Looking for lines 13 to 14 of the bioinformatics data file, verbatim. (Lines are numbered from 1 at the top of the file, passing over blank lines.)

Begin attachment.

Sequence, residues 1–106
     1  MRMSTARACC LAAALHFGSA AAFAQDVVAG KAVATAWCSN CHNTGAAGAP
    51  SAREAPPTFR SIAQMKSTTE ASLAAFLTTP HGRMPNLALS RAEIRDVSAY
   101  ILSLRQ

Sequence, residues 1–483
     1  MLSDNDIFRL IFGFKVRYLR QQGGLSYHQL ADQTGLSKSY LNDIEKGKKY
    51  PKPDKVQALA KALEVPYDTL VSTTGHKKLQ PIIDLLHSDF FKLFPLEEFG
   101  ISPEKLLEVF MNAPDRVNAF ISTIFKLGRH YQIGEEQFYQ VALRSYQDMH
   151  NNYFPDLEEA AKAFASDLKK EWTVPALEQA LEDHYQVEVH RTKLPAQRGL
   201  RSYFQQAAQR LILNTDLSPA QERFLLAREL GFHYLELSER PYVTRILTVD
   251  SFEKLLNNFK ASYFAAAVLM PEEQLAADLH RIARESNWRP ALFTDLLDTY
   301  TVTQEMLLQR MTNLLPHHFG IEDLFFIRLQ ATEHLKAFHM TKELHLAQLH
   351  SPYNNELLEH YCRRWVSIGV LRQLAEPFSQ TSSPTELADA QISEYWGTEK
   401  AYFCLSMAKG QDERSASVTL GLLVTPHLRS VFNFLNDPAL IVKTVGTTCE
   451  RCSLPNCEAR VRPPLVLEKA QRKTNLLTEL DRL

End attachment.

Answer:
   351  SPYNNELLEH YCRRWVSIGV LRQLAEPFSQ TSSPTELADA QISEYWGTEK
   401  AYFCLSMAKG QDERSASVTL GLLVTPHLRS VFNFLNDPAL IVKTVGTTCE